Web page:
The Unwritten Literature of the Hopi eBook

This eBook from the Gutenberg Project consists of approximately 92 pages of information about The Unwritten Literature of the Hopi.
As they journeyed across, the feet of the bad slipped and they fell into the dark water, but the good, after many days, reached dry land.  While the water, rising around the village, came higher, the old people got on the tops of the houses, for they thought they could not struggle across with the younger people.  But Baholikonga clothed them with the skins of turkeys, and they spread out their wings and floated in the air just above the surface of the water, and in this way they got across.  There were saved of our people, Water, Corn, Lizard, Horned Toad, Sand, two families of Rabbit, and Tobacco.  The turkeys’ tails dragged in the water—­hence the white on the turkey tail now.  Wearing these turkey skins is the reason why old people have dewlaps under the chin like a turkey; it is also the reason why old people use turkey feathers at the religious ceremonies.”

[Footnote 31:  Mindeleff, Victor, Op. cit. (Myths by Cosmos Mindeleff after Stephen), p. 31.]

Hough[32] says that in accord with the belief that the markings on the tail feathers were caused by the foam and slime of an ancient deluge, the feathers are prescribed for all pahos, since through their mythical association with water they have great power in bringing rain.

[Footnote 32:  Hough, Walter, Op. cit, p. 172.]

X. CEREMONIES FOR BIRTH, MARRIAGE, BURIAL

* * * * *

The story of the Hopi, who does every important thing in his life according to a traditional pattern and accompanied by appropriate religious ceremony, would not be complete without some account of birth, marriage, and burial.  Not having seen these ceremonies, the writer offers the record of authoritative observers.

=Birth=

Babies are welcomed and well cared for in Hopiland, and now that the young mothers are learning to discard unripe corn, fruit, and melons as baby food, the infant mortality, once very high, is decreasing.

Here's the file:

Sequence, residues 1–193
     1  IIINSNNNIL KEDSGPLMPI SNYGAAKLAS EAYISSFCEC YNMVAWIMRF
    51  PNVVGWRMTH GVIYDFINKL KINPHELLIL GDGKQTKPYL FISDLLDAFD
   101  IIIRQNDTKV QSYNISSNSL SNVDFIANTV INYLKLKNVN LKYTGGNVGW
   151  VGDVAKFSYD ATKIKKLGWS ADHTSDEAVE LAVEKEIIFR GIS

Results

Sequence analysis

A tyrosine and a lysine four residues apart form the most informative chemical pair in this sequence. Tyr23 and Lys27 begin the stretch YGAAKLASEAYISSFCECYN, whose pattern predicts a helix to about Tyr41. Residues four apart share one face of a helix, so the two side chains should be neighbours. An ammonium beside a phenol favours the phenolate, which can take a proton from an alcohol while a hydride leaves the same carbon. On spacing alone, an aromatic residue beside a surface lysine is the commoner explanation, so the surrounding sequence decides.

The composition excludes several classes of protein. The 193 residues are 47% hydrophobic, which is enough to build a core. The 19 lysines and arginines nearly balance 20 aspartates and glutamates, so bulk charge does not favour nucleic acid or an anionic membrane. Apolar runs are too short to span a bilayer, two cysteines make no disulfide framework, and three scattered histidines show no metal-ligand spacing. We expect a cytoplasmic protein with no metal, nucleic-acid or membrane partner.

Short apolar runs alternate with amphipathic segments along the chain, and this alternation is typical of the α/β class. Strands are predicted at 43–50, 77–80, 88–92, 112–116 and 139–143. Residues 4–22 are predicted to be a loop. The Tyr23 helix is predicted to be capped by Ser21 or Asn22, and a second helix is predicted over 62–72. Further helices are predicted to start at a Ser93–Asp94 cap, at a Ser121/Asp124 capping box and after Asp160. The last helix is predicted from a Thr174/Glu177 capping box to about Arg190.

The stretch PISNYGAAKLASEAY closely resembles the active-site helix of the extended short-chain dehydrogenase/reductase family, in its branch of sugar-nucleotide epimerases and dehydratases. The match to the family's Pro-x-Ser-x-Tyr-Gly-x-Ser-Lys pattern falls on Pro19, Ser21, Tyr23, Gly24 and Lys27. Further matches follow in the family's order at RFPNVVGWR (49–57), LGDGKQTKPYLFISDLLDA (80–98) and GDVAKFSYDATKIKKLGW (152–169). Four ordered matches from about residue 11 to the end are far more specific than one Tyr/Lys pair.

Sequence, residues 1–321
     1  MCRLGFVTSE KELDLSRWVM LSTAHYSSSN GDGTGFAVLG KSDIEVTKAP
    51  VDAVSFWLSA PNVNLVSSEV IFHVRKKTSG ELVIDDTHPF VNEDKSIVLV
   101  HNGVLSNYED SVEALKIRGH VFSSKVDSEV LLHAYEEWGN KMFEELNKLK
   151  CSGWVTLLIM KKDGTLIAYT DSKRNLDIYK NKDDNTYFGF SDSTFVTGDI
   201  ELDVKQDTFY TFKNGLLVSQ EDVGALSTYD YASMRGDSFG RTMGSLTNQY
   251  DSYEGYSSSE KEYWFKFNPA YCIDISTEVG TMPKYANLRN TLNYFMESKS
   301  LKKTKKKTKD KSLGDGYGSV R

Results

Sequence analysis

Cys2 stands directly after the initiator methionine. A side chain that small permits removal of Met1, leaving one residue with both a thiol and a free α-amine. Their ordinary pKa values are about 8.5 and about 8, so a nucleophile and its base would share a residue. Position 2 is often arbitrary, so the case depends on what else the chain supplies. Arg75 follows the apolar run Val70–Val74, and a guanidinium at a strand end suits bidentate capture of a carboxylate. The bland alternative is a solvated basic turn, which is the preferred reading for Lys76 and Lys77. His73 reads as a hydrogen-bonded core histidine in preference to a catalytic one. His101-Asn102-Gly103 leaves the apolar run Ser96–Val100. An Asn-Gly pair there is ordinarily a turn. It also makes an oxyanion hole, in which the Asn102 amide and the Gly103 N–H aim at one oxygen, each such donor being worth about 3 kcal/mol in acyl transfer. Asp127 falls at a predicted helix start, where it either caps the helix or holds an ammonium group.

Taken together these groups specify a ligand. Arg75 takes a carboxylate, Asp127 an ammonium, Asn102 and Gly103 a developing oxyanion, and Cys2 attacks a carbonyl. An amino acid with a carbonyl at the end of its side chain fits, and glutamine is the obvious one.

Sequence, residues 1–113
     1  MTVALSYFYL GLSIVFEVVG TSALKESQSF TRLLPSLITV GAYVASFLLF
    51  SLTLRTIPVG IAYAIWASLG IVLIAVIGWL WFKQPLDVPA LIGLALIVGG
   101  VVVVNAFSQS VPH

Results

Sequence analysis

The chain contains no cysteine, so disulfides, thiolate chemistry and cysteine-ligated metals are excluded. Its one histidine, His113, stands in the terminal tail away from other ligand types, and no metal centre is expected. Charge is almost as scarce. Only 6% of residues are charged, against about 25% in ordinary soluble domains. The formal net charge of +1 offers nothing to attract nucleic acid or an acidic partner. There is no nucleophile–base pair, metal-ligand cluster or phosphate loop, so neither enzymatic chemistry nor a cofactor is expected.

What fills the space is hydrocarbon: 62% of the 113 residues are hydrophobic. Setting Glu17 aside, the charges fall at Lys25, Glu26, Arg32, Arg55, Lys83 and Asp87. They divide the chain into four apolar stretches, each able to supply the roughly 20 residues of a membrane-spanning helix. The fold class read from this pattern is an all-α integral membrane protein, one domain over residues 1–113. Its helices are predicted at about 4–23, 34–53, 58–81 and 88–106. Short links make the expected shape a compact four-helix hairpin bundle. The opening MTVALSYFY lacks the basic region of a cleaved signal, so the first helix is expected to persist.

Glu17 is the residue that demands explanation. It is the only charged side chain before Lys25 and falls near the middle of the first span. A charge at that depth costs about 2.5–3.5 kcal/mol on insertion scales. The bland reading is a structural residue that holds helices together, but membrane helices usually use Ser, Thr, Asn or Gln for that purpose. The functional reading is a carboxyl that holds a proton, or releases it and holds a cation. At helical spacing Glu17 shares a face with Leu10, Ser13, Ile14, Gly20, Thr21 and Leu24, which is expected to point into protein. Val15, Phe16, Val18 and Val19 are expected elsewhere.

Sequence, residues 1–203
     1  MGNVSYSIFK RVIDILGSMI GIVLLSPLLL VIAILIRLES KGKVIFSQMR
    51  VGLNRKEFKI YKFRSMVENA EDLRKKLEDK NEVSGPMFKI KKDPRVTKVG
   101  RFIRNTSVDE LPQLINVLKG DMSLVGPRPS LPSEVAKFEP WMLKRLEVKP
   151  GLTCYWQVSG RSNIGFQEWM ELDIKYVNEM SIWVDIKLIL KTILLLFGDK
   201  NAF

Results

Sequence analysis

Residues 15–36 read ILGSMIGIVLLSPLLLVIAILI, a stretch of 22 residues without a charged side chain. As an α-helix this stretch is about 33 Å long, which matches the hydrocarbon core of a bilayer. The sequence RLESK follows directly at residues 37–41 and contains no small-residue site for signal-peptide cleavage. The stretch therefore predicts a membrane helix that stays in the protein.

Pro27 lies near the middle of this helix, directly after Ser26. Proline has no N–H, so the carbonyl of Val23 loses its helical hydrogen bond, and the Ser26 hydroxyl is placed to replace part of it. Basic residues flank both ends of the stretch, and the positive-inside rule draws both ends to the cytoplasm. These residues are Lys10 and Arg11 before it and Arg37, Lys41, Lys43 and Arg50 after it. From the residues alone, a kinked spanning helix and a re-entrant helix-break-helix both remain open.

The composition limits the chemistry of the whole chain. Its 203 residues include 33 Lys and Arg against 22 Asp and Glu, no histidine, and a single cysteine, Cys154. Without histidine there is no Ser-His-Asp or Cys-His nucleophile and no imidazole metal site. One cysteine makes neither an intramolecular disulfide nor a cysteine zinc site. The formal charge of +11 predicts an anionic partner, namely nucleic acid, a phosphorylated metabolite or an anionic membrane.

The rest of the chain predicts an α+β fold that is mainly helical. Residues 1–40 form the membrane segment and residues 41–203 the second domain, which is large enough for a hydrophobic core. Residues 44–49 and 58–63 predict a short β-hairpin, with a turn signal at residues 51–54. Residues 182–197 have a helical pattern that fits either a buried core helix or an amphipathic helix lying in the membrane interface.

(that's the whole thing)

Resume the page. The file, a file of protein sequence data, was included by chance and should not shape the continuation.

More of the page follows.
Natal ceremonies are considered important.  Goddard[33] gives us a brief picture of the usual proceedings:  “The Hopi baby is first washed and dressed by its paternal grandmother or by one of her sisters.  On the day of its birth she makes four marks with corn meal on the four walls of the room.  She erases one of these on the fifth, tenth, fifteenth, and twentieth day of the child’s life.  On each of these days the baby and its mother have their heads washed with yucca suds.  On the twentieth day, which marks the end of the lying-in period, the grandmother comes early, bathes the baby and puts some corn meal to its lips.  She utters a prayer in which she requests that the child shall reach old age and in this prayer gives it a name.  A few of the women members of the father’s clan come in one at a time, bathe the baby and give it additional names.  After the names have been given, the paternal grandmother goes with the mother and the child to

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The Unwritten Literature of the Hopi from Project Gutenberg. Public domain.
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